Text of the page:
Kirsten looked around and shivered, but glanced at me again. "Hachi, what do you think?"
The boy had raised his arms, letting the wind blow his shirt about. "I think we've got no other way of doing anything in this world. If that's how it is, wouldn't it be better to take this risk?"
Kirsten and I blinked. "Hachi?" Kirsten said.
He lowered his arms, smiling. "What? Oh, I was spacing out. Anyway, let's make some money!"
The wind picked up, blowing harder as I shouted. "You're still not listening!" I roared, dampened by the dark of the Grove. "Swords will do nothing against a Lancewing. This musket couldn't put a dent in a moss monster!"
"A mosster," Hachi whispered.
The forest exploded in rage all around us. "Again, that's not the point! I'm trying to save you, so if you want that to mean anything, you need to get out of this grove while you still-" A cluster of vines splashed against my back, wrapping around my neck and pulling me into the trees. Blindly, I swung my musket in the direction I was being pulled and fired. The shot pitted into wood at the same time I saw what was holding me.
It was an oak tree, enthralled by some magic of the Grove. It's limbs were moving in a jarring, mechanical way, branches crackling out like wood-encased lightning. A single, looped vine hung from each branch, snatching at my exposed limbs. Closer to the tree, I could see that some of these branches were filled with shriveled humanoid shapes. Bones were scattered around the base of the tree.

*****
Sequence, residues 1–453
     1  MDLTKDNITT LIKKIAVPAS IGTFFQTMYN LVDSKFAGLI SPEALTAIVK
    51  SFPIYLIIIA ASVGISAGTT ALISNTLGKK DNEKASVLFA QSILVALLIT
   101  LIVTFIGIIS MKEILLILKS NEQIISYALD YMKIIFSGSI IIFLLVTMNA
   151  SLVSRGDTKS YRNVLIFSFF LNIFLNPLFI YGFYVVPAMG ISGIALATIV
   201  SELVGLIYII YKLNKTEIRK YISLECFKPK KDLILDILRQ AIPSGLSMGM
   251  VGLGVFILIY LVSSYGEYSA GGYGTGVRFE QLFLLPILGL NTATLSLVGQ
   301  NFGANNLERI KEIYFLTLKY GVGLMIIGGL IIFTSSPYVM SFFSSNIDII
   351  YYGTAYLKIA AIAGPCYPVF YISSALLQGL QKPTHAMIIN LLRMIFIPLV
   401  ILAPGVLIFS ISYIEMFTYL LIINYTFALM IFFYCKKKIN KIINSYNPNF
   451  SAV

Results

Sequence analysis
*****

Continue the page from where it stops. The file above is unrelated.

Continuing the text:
That was the fruit that this tree bore, no, hunted from the adventurers that passed. This was a tree of the hanging dead.
Wed Dec 26, 2018 4:44 am
The soldier's surprised yelp had hardly cleared from the air before the vines started creeping towards us. I started to scramble backwards, be Hachi was still scanning the treeline for where the soldier might have flown off to.
"Hachi..." I started to warn him, and then he backed up too far. I shrieked as the tendrils of the tree lashed around his neck, tightening to a vice. I lunged forward, catching him around the waist before the tree could pull him up into its branches.
I dug my heels in, scrabbling against the leaves. "Hang on!" I shouted, trying to tear the branches loose.
Hachi's eyes were bulging out, his arm flapping at his side. All I could do was hold on, even as the tree tightened its grip. "Hachi, stay with me!" I shouted, trying to hook my foot around the side of a tree.
"Krr!" Hachi cried, his hand hitting his thigh repeatedly. I glanced down and realized - he was hitting a rectangular shape in his pants pocket.
On instinct I grabbed it out, and Hachi smiled; then he was ripped away from me, flailed by the Hanging Tree as he was pulled closer to its body.